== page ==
Elliott
Wed, Dec 5, 2018, 4:46pm (UTC -6)
@Peter G

"The reason why I'd dock the episode some points is that I actually don't think they went nearly far enough creating a 'Bond-persona' for Julian. His just seemed like himself, whereas I feel like the idea here was that he was playacting as a Garak-type, but when push came to shove he would reject that fake persona and be the humanitarian that he is."

I'll actually disagree on this quite firmly. The fact that the Bond persona *is* Julian Bashir (he does, after all, keep his real name in the fantasy) is precisely the point. The Bond scenario allows Julian to be himself without being problematised because the genre is full of problematic tropes; machismo, objectification, etc. Julian doesn't have to censor or sublimate the negative shades of his personality in the holosuite, just like he doesn't have to censor or sublimate his genetically-engineered abilities. In the "real world," only a super-man could actually be a Bond-type protagonist.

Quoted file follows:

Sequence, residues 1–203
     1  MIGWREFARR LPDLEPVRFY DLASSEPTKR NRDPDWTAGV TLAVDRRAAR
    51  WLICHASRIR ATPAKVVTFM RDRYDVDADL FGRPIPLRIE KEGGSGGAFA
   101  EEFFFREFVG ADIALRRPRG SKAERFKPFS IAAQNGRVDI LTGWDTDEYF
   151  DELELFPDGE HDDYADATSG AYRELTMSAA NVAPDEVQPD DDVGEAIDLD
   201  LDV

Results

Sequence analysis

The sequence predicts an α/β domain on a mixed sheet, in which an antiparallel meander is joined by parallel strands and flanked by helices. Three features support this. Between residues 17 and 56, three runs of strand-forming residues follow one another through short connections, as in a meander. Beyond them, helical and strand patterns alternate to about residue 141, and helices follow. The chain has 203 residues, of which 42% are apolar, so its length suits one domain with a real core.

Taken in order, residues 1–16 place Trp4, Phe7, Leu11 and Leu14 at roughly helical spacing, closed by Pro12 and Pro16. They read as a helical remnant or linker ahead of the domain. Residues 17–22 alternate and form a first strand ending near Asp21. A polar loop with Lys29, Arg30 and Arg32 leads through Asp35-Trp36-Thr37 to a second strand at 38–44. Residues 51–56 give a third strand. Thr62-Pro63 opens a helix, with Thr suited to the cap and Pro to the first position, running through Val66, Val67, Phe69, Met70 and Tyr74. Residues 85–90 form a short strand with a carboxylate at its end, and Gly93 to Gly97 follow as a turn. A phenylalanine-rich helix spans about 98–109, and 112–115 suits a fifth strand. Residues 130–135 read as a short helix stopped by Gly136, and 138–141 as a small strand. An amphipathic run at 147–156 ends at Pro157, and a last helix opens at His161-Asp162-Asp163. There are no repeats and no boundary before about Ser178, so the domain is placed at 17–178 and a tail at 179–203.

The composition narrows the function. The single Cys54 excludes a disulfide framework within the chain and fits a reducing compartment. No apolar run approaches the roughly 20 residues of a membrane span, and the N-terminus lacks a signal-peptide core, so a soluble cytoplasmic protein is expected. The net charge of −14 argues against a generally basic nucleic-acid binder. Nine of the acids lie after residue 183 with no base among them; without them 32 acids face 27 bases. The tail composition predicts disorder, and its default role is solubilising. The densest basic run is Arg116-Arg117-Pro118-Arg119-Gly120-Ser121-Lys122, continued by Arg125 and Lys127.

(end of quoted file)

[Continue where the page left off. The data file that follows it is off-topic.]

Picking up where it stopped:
As for the rest of it...the Sloan stuff and what-not, I think it best to hold off on that debate for now.

@Luke:

"Quick question - how do you compute your final rating for a given episode?"

I list the percentages each act contributes to the final score in the review itself. x/10 scores are also calculated. Star ratings are rounded. This episode got 2.915 stars, which rounds to 3 and gets 7/10. It got the exact same score as "Defiant" from me, which holds up in my mind. So far, I have found that the way these act by act reviews end up producing scores and creating a ranked list seems to match really well with my overall feeling about individual episodes. It does present something of a problem with season averages. I enjoyed S3 a bit more than S2, but S2 ranked much higher because there were fewer really bad episodes and more mediocre ones.

@William B